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Editorial Comment: Environmental efforts should not be an exclusive club

Let's say you have a fleet of trucks and you only maintain one of those trucks. But the truck is maintained to the utmost highest standards.


Let’s say you have a fleet of trucks and you only maintain one of those trucks. But the truck is maintained to the utmost highest standards.

Mechanically and esthetically this will be the nicest truck anyone has ever seen.

Meanwhile, the rest of the trucks in the fleet will get little to no attention.

In both the mechanical and appearance departments, the trucks will start to fall apart. From rust spots to rumbling engines, these will eventually be the worst trucks driving on the road; and no self-respected trucker would be caught behind the wheel of one of these machines.

It’s probably not the smartest way to maintain a fleet and I suspect most fleet owners, if not all, have a system in place to ensure the upkeep of all their vehicles. Not just a select few. A system and order clearly outlined for all the trucks to follow will ensure the entire fleet of trucks benefits from good upkeep.

In a similar fashion, the Western Climate Initiative (WCI) and its members have decided to save the environment and reduce greenhouse gas (GHG) emissions – in the West.

The WCI is comprised of eight provinces and states in the western region of North America. Back in February, Arizona, California, New Mexico, Oregon and Washington, created the WCI with a long-term commitment to significantly reduce regional GHG emissions.

Since its inception, B.C., Manitoba and Utah have joined the WCI, committing to its goals; while a handful of other provinces and states have joined on as observers, ’cause there’s nothing more exciting than watching emissions reduce.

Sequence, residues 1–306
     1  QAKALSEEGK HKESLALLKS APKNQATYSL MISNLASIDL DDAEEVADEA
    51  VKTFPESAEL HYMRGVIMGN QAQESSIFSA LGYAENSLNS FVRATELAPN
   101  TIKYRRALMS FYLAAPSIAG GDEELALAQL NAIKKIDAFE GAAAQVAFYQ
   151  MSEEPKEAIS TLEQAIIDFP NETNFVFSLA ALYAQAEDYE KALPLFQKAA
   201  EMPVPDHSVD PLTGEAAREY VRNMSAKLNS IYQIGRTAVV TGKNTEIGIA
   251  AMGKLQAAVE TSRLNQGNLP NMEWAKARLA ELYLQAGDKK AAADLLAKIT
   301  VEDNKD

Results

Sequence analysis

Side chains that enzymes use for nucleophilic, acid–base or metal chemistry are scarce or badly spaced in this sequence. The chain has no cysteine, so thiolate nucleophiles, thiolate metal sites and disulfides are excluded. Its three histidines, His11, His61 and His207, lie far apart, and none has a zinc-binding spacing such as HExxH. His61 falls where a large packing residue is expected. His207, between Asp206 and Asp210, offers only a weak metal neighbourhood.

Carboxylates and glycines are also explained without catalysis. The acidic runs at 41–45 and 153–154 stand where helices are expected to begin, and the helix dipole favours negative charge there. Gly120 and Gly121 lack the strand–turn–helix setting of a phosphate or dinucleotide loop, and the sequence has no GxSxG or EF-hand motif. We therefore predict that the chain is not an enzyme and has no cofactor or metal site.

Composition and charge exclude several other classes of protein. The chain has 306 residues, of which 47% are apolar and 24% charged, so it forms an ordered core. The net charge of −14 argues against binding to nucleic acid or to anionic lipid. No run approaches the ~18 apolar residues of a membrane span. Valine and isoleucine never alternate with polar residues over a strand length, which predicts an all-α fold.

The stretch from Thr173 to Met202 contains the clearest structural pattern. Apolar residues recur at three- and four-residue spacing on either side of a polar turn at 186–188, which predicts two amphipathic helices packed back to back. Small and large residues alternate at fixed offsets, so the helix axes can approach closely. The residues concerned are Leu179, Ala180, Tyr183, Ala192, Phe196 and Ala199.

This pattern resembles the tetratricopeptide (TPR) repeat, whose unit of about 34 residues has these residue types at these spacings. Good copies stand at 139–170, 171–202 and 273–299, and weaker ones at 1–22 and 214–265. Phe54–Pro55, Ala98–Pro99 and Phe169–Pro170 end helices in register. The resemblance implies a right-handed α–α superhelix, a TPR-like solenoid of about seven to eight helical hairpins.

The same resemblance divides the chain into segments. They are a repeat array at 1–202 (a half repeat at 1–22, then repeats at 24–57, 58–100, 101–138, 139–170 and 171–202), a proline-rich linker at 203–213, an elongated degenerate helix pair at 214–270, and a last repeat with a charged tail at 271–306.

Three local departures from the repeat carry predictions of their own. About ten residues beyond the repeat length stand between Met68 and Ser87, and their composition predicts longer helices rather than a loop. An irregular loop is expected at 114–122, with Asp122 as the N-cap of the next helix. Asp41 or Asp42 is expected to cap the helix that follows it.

The overall intention of the WCI club – to reduce GHG emissions to 15% below 2005 levels by 2020 – is a noble cause.

But reducing GHG emissions in western North America still leaves everyone else in the world with the whole Global Warming issue.

The commitment to the WCI goals is a positive effort and is right along with most environmental marketing campaigns about every little bit helping, every individual can make a difference, doing your part and the effort having to start somewhere.

But with everyone trying to make a difference, instead of the environmental battle starting somewhere, it’s starting everywhere.

Between the newly formed WCI, Kyoto, Al Gore’s documentary, US Environmental Protection Agency regulations and California’s strict environmental laws, a myriad of new rules and regulations are stretching into the industry from a variety of directions.

At a recent Council of Federation meeting in New Brunswick, the leaders of 12 of 13 provinces and territories agreed to work toward the objective of implementing California tailpipe emissions standards.

The problem with the atmosphere and cleaning it up is it is not exclusive to certain land regions. Neither a California solution, or Western solution, or Canadian solution, will do the problem as a whole any good; and reaching a North American – or even global – solution will be easier reached if everyone gets involved and in a singular forum.

The trucking industry has enough headaches with regional weight, load, speed and overall truck restrictions; adding regional environmental rules should not be added to that list.

– Steven Macleod can be reached by phone at (403) 275-3160 or by e-mail at stmacleod@shaw.ca.


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